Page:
Posted on Mar 10th 2019
If you're looking to put your home on the market, there's a good chance you've also looked into completing some repairs and remodels before selling in the hopes of increasing your home's value. Making some small improvements beforehand is often essential to attracting buyers; determining whether the project will bring in more money than it costs you to do, however, is a tricky balancing act. If you're weighing your options on what will give you the best results for the lowest cost, a fresh paint job may be the best answer. Repainting is one of the most cost efficient and effective pre-sale improvements you can consider. A new color can transform your home and make a big impact in the eyes of potential buyers, all for a noticeably inexpensive cost in comparison to bigger renovations. But if you go about it incorrectly (i.e. choosing the wrong color for the wrong space) it could actually end up damaging your home's ability to sell. Here are some of the most effective colors to paint your home before you sell, brought to you by our experts in house painting.
While your home's interior is usually what commands the most attention from both you and potential buyers, it's the outside of your home that gives a buyer their first impression of your property before they even walk in the door. An attractive exterior suggests an equally neat and move-in ready interior. So if you want to increase your possibility of selling for more than the expected price you may want to consider a new outside paint job for your house before putting it on the market. Greiges are popular exterior shades, giving a warm and welcoming feeling to the home and setting the tone for the interior. And you can't go wrong with traditional choices like warm neutrals or light grays; they're universally appealing for their classic quality and ability to contrast well with most accents and trims. Be wary of white, however, as it easily leans towards stark and lonesome if not paired with the right accent colors.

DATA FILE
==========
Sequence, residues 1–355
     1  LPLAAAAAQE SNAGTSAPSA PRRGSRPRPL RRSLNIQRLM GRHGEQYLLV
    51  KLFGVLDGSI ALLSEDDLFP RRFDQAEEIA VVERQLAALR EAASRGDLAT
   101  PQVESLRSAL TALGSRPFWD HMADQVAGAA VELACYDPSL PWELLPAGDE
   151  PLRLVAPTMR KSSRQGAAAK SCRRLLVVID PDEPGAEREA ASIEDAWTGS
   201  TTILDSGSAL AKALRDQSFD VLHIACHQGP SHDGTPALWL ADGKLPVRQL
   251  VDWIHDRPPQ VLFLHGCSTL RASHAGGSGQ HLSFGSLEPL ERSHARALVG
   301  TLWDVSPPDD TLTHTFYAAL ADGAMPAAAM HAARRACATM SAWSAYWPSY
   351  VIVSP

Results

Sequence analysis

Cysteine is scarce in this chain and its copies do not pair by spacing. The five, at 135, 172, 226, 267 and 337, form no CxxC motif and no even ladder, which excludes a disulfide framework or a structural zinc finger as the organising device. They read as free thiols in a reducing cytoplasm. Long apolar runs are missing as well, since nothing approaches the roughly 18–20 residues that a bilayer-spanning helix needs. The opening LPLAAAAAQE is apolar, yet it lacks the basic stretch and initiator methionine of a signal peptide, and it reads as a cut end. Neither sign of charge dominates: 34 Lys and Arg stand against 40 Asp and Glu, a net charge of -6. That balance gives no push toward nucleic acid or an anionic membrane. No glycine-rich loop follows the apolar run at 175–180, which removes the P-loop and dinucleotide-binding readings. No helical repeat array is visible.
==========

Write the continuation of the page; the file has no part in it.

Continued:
The Front Door
If you don't have the time or money to pour into a full home-exterior repaint before selling, then narrow your focus to the front door instead. This seems like a small detail in the grand scheme of things, but according to a report from Zillo, a painted front door could possibly add thousands of dollars to your home's sales price. This is an exciting conclusion, given that it's a relatively quick, inexpensive, and low-effort project. For it to have the potential of bringing in such a boost in sales price definitely makes it worth the effort. Currently, the favorite paint for the job is black. It's proven time and time again to have an impressive impact on potential buyers, bringing a sense of security and timelessness (persuading feelings for buyers) and drastically increasing curb appeal. In fact, darker shades in general seem to be the way to go for the front door. Though light and neutral colors won't be detrimental to your home's value, bolder and deeper shades like jet black, charcoal, slate gray, and navy blue are the new scene stealers for potential buyers as they make their way up your home's front steps for the first time. Fun pops of color like yellow or turquoise for the front door are stunning design choices at any other time, but they're best to avoid when putting your home on the market in favor of those more universally approachable shades that appeal to a wider range of buyers.